May Day and demos coincide with Expo inauguration.
The world will be watching Milan on Friday 1 May as the six-month Milan Expo 2015 gets under way, but while this is the highlight of the weekend, there will be much other activity in the city, not all of it peaceful.
The opening of Expo coincides with May Day, or International Workers’ Day, celebrated around the world with marches and concerts. In Milan, too, the commemoration is traditionally noisy and cheerful, but there will also be other, less celebratory events as the city prepares for the big day.
Wednesday 29 April will see two separate student demonstrations take to the streets. City authorities have refused permits for the planned marches, so the protesters should hold static meetings – the right-wing group in Piazzale Loreto, 70 years after Mussolini’s body was strung up there from a petrol-station awning, while a kilometre away left-wing students will commemorate a communist militant killed in 1976 by neo-Fascists. The police will make every effort to ensure the two groups do not meet.
On Thursday, two more street demonstrations are expected to provoke tension in the city. A protest by high-school and university students against the recent government reform of the school system, called Buona scuola, and against the suggestion that students work at Expo without pay in order to gain experience, will take the form of a march through the city centre from Largo Cairoli to Palazzo Lombardia.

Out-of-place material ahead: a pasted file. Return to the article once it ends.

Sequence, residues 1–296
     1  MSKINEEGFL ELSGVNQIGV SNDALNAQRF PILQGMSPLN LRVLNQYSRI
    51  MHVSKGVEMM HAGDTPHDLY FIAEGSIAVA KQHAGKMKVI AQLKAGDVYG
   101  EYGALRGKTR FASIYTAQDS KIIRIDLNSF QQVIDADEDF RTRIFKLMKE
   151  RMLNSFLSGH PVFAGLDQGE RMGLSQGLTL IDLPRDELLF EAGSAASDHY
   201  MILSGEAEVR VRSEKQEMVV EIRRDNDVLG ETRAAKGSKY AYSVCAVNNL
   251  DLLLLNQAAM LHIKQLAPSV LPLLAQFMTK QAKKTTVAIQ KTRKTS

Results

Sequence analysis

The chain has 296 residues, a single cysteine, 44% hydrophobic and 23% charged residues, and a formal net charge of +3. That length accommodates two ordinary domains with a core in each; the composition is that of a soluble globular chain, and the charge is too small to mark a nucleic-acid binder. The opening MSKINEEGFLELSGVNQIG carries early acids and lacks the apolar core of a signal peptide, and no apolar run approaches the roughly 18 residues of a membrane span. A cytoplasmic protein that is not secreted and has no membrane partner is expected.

The same day will see the start of a four-day protest specifically against the exposition, the “No-Expo” movement. More than simply a street demonstration, the movement will mount kids’ games and political and cultural lectures, debates and workshops. The movement rejects the choices made by Expo management and the Italian government, describing them as “violent oppression against young people, migrants, workers and the poor”, and complains of “a toxic narrative that recycles embarrassing sponsors”.
No-Expo activists plan a May Day meeting at 14.00 in Piazza 24 Maggio, near the recently restored Darsena, followed by a march to the city centre.
While on Friday Expo 2015 is being officially opened following tenor Andrea Boccelli’s concert in Piazza del Duomo, the traditional Labour Day procession will wind through the city centre, celebrating labour and decrying precarious working conditions and exploitation.
Police sources are being quoted in the media as expecting some 30,000 demonstrators to converge on the city for the various events, some coming from as far away as Germany, Switzerland, France, Spain, Greece and even from Chile. While Interior Minister Angelino Alfano has listed the reinforcements being deployed to ensure security, daily La Repubblica quotes a senior source in the ministry as saying, “It’s like .... a wedding: we’ve prepared the guest-list, the problem now are the gate-crashers.”
Even the No Expo movement is unlikely to welcome clashes and street violence, which can only distract attention from its message of dialogue and constructive protest.